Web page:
One outlier is mainline Protestants; about 40 percent of this group still say that most people can be trusted. A possible explanation lies in theology. Most evangelical Protestants believe that the end of the world will begin as societies devolve into violence and sin, so they may be on the lookout for evidence that things are going downhill. Tellingly, a survey conducted last year by the advocacy group Prison Fellowship found that 81 percent of practicing evangelicals believed that the crime rate has risen in the prior 25 years, which is empirically false. (Sixty percent of all adults, 62 percent of practicing Catholics and 66 percent of mainline Protestants also held this erroneous belief.) Mainline theology, however, places very little emphasis on the book of Revelation and the end of time. In fact, the social gospel, which argues that Christianity can (and has) made the world a better place, is much more prominent in mainline churches.
A disease outbreak may become deadlier if people wait too long to go to the hospital—whether because they do not trust the medicine itself, do not trust they will be treated equitably or with dignity, or fear financial hardship.
To get a sense of how general distrust feeds into a lack of confidence in the medical community, I divided the survey respondents by whether they believed that people can be trusted or not. I calculated the shares of those who said that they had “a great deal” of confidence in medicine in both 1973 and 2018 for the four largest religious groups.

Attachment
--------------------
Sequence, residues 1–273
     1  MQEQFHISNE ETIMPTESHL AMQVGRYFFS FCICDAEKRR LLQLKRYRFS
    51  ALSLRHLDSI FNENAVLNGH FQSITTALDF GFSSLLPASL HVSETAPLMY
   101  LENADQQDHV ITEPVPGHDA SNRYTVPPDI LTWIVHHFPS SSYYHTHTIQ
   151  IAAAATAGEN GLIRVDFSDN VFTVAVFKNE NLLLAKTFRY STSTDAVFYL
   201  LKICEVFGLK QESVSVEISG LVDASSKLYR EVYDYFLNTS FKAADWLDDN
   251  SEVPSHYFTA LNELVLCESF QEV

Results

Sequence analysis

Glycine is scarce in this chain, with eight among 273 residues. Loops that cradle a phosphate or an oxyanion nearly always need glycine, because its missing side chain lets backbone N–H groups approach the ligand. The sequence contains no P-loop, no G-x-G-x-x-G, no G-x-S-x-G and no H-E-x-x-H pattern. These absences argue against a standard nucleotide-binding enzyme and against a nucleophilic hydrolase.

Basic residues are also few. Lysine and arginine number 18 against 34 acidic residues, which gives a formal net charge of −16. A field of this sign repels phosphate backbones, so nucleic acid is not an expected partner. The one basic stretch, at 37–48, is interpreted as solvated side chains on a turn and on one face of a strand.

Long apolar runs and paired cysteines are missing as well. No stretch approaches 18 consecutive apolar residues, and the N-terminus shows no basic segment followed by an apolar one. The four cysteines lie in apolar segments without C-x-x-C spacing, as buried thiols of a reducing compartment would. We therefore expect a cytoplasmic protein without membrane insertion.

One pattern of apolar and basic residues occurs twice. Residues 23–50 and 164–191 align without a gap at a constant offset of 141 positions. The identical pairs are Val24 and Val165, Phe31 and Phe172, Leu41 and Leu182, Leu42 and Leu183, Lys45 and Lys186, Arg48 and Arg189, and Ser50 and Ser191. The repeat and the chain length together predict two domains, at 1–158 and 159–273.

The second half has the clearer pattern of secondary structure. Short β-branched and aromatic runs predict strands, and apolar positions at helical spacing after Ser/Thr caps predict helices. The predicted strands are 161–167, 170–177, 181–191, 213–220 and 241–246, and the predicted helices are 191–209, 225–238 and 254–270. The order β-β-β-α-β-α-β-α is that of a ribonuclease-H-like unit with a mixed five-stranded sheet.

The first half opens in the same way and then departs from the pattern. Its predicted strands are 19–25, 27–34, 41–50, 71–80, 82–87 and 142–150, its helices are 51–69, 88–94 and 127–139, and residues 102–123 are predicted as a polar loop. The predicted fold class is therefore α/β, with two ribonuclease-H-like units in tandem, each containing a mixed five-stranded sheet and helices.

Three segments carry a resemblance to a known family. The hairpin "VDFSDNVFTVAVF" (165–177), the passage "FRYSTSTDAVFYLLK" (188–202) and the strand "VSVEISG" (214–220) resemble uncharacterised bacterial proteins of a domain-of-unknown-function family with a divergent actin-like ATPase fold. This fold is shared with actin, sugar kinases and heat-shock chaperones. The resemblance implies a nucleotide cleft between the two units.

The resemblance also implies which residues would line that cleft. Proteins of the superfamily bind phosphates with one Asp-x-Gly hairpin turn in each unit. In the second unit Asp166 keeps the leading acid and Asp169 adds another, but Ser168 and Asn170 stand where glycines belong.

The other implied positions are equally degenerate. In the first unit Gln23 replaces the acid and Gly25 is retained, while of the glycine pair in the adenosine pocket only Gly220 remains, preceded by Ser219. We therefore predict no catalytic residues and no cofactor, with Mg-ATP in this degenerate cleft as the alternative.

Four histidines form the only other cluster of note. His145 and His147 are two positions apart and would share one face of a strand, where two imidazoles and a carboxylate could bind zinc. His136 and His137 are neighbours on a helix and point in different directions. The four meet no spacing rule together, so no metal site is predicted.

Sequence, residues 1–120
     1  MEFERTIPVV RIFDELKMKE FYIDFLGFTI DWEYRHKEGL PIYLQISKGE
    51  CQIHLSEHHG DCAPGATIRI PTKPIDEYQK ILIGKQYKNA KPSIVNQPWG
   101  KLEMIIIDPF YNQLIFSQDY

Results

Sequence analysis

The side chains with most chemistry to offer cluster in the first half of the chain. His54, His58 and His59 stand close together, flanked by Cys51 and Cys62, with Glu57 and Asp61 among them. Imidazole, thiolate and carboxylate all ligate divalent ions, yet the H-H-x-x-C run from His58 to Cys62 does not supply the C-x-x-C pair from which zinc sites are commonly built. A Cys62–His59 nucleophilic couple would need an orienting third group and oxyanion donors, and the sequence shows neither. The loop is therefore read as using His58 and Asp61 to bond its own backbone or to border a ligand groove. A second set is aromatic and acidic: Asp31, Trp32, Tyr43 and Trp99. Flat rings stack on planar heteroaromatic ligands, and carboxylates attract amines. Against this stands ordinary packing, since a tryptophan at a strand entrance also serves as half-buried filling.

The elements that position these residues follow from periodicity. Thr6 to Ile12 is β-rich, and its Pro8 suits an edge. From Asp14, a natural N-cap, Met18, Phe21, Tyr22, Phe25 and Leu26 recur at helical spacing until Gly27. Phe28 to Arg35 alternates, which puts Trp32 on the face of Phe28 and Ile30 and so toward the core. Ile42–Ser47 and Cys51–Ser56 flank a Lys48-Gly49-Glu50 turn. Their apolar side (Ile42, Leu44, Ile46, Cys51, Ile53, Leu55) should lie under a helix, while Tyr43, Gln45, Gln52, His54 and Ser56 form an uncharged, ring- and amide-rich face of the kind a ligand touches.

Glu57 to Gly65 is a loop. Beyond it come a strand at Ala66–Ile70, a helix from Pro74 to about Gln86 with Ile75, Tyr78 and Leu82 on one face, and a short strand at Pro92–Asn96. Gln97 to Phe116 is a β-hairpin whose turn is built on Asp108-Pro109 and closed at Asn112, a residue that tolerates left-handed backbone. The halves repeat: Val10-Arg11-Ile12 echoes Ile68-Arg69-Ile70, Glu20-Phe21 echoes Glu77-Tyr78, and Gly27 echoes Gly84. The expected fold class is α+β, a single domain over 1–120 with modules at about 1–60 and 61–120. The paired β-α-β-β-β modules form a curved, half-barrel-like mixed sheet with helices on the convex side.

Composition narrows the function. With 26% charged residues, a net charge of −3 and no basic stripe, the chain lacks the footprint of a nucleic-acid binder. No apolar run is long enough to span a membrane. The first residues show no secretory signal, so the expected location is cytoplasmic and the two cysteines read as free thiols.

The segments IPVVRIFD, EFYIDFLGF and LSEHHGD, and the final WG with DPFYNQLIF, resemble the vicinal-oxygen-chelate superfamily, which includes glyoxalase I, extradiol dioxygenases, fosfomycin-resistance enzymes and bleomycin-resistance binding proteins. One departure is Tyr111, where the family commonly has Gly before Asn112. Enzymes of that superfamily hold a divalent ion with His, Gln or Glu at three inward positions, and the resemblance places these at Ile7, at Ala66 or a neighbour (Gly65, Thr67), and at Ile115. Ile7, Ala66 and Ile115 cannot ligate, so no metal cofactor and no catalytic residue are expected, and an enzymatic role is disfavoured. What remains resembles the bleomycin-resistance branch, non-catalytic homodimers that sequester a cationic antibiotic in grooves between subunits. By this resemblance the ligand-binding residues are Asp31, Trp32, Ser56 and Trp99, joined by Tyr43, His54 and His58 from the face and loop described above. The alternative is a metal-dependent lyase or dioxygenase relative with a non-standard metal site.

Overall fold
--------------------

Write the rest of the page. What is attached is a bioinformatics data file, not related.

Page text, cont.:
Looking at these two factors brings a sharper focus: Distrust of other people and a lack of confidence in medicine seem to be related. For both mainline Protestants and Catholics, there was no decline in confidence in medicine over the last four decades when the sample is restricted to just those who have a trustworthy view of society; the entirety of the decline was among those who say that people cannot be trusted. (Among Catholics in the latter group, those expressing confidence in medicine fell from 54 percent to 39 percent.)
But that pattern did not hold for evangelical Protestants. The share of this group expressing confidence in medicine fell sharply even among those who say that people can be trusted (from 72 percent to 37 percent). Evangelicals are outliers here, but there is no apparent theory that explains this. It merits further investigation.
This lack of confidence in the medical community sets the stage for a national disease outbreak that may become more widespread and deadlier if people wait too long to go to the hospital after noticing coronavirus symptoms—whether because they do not trust the medicine itself, do not trust they will be treated equitably or with dignity, or fear financial hardship.
But another possible accelerant is misinformation from medical authorities and political leaders, including a president who first described the Democrats’ treatment of the virus as a serious threat to be a “hoax.” At least one study has indicated people who distrust government are more likely to refuse medical vaccinations for themselves or their children. With trust in government at a 70-year low, the politicization of medicine is a growing danger.
Medical professionals and epidemiologists must not only stay out of political debate but also work to make sure they do not become political pawns. The possible Covid-19 pandemic requires the medical community to effectively communicate messages about public health and treatment of the sick. If handled correctly, the current coronavirus outbreak may also improve trust in medicine among the general public.